[Show abstract][Hide abstract] ABSTRACT: This study investigated the effects of 670-nm indium gallium phosphide (InGaP) and 830-nm gallium aluminum arsenide (GaAlAs) laser therapy on second-degree burns induced on the back of Wistar rats. Sixty-three male Wistar rats were anesthetized, and second-degree burns were made on their back. The animals were then divided randomly into three groups: control (C), animals treated with 670-nm InGaP laser (LIn), and animals treated with 830-nm GaAlAs laser (LGa). The wound areas were removed after 2, 6, 10, 14, and 18 days of treatment and submitted to structural and morphometric analysis. The following parameters were studied: total number of granulocytes and fibroblasts, number of newly formed blood vessels, and percentage of birefringent collagen fibers in the repair area. Morphometric analysis showed that different lasers 670-nm InGaP and 830-nm GaAlAs reduced the number of granulocytes and an increase of newly formed vessels in radiated lesions. The 670-nm InGaP laser therapy was more effective in increasing the number of fibroblasts. The different treatments modified the expression of VEGF and TGF-β1, when compared with lesions not irradiated. The different types of light sources showed similar effects, improved the healing of second-degree burns and can help for treating this type of injury. Despite the large number of studies with LLTI application in second-degree burns, there is still divergence about the best irradiation parameters to be used. Further studies are needed for developing a protocol effective in treating this type of injury.
Lasers in Medical Science 04/2014; 29(5). DOI:10.1007/s10103-014-1573-9 · 2.42 Impact Factor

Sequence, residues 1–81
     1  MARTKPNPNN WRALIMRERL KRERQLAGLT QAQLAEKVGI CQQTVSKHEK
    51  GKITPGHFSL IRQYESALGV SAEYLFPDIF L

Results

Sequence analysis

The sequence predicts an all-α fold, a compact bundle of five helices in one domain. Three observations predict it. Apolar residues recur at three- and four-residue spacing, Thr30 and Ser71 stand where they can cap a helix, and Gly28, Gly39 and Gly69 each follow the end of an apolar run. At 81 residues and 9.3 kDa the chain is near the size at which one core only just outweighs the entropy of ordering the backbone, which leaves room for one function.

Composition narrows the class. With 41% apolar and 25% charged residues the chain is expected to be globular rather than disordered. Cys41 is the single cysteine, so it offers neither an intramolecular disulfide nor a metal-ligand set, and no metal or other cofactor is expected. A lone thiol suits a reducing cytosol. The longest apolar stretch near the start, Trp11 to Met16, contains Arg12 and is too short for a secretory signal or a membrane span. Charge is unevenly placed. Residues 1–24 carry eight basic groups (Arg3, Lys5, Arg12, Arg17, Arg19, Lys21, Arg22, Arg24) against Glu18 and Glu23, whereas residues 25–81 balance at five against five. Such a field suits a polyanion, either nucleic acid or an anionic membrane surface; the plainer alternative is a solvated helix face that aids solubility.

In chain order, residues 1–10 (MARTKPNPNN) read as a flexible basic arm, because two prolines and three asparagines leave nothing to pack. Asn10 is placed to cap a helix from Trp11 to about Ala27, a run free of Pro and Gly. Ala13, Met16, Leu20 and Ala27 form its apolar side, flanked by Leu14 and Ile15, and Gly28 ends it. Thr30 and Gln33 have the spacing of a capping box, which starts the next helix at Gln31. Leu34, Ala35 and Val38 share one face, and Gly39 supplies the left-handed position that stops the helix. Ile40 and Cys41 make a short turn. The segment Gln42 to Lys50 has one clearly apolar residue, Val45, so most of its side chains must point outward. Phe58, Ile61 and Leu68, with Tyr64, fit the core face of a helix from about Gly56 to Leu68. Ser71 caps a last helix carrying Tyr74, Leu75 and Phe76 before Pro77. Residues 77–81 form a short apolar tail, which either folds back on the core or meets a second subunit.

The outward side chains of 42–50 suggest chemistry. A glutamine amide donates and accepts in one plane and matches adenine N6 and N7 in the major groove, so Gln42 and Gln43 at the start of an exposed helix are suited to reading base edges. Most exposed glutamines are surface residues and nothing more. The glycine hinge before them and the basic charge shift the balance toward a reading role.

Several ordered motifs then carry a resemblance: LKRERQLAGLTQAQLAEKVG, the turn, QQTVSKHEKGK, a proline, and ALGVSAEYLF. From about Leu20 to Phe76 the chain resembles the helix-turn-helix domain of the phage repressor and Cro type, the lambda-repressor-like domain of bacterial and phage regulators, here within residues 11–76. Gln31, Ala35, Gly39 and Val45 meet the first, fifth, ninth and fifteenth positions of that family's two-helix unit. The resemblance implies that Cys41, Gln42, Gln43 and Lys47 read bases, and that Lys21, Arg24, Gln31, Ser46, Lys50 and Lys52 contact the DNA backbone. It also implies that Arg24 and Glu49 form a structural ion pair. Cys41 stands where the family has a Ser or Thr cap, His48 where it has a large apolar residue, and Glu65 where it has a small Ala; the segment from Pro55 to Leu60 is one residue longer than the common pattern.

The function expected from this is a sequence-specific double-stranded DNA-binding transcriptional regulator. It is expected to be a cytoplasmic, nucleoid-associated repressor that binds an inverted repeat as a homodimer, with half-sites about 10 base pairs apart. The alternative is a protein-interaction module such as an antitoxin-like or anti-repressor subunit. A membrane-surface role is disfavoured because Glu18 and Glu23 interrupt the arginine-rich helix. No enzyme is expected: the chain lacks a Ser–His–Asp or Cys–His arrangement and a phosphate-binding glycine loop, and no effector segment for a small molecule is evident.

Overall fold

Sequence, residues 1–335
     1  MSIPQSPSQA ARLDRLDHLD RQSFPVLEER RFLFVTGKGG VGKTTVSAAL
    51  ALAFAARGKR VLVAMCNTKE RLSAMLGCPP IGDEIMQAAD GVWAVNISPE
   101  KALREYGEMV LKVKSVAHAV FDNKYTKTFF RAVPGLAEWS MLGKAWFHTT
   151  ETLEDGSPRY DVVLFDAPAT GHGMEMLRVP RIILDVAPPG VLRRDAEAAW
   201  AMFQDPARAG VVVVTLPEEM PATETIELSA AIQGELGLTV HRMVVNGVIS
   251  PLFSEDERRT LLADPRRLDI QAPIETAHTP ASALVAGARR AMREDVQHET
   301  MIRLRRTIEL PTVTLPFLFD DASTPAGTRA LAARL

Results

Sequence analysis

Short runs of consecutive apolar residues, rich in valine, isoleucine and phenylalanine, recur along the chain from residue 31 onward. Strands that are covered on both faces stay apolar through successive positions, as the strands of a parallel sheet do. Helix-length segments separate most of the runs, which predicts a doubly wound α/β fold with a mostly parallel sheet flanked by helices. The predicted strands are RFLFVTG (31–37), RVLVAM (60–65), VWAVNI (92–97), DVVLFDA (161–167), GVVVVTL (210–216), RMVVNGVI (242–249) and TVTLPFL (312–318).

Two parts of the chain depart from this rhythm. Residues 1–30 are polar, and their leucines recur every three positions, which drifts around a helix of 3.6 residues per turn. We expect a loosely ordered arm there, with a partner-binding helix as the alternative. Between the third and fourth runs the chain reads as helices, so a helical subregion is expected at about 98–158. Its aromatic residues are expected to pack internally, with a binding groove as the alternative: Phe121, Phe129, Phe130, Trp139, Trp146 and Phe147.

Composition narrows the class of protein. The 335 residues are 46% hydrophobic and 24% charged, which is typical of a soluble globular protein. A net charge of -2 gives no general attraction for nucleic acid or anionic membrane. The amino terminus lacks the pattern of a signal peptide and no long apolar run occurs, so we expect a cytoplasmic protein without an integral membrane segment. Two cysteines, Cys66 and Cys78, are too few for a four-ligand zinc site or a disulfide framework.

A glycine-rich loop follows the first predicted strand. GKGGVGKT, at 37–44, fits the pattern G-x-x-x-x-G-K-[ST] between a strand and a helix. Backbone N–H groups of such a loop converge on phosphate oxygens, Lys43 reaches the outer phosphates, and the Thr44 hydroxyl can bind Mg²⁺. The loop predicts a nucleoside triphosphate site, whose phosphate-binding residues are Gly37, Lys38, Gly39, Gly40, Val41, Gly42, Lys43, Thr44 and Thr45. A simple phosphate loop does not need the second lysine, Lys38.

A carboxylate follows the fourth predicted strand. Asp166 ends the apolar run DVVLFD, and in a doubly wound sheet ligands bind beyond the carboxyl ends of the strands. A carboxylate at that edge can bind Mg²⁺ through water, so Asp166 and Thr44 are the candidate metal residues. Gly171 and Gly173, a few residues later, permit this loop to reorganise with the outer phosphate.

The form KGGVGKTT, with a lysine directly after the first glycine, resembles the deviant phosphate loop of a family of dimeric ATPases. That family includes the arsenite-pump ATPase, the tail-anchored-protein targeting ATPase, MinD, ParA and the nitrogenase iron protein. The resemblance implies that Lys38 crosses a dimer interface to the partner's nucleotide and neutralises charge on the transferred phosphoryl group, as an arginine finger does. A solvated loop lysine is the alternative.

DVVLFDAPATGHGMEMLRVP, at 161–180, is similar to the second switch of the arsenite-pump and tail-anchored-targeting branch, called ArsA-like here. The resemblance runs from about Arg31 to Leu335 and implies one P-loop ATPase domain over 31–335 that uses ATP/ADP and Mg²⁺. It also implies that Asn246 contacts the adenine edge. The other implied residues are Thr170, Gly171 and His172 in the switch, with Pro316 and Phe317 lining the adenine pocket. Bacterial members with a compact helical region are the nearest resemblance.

[Show abstract][Hide abstract] ABSTRACT: The occurrence of metabolic disorders, such as diabetes, obesity, atherosclerosis, and hypertension, increases with age. Inappropriate food intake, when combined with genetic and hormonal factors, can trigger the occurrence of these diseases in aged organisms. This study investigated whether short-term calorie restriction (CR; 40% of the intake of control animals (CTL) for 21 days) benefits 1-year-old (CR1yr) and 2-year-old (CR2yr) Wistar rats, with regard to insulin secretion and action. Plasma insulin and the insulin secreted by isolated islets were measured with radioimmunoassay, and the insulin sensitivity of peripheral tissues was assessed with the intraperitoneal glucose tolerance test (IPGTT), intraperitoneal insulin tolerance test, and hepatic and muscle adenosine monophosphate-activated protein kinase (AMPK) phosphorylation measurements. Body weight, epididymal fat pad, epididymal fat pad/body weight index, plasma glucose, and insulin were lower in the CR1yr than in the control (CTL1yr) rats. Serum cholesterol, triglycerides, and protein, as well as hepatic and muscle glycogen content, were similar between the CR and CTL groups. The IPGTT was higher in CR2yr and CTL2yr rats than in CR1yr and CTL1yr rats, and insulin sensitivity was higher in CR1yr and CR2yr rats than in their respective CTLs. This was associated with an increase in hepatic and muscle AMPK phosphorylation. No differences in glucose-induced insulin secretion in the isolated islets were observed between CRs and their respective CTL rats. In conclusion, short-term calorie restriction provoked more severe alterations in CR1yr than CR2yr rats. The normoglycemia observed in both CR groups seems to be due to an increase in insulin sensitivity, with the involvement of liver and muscle AMPK.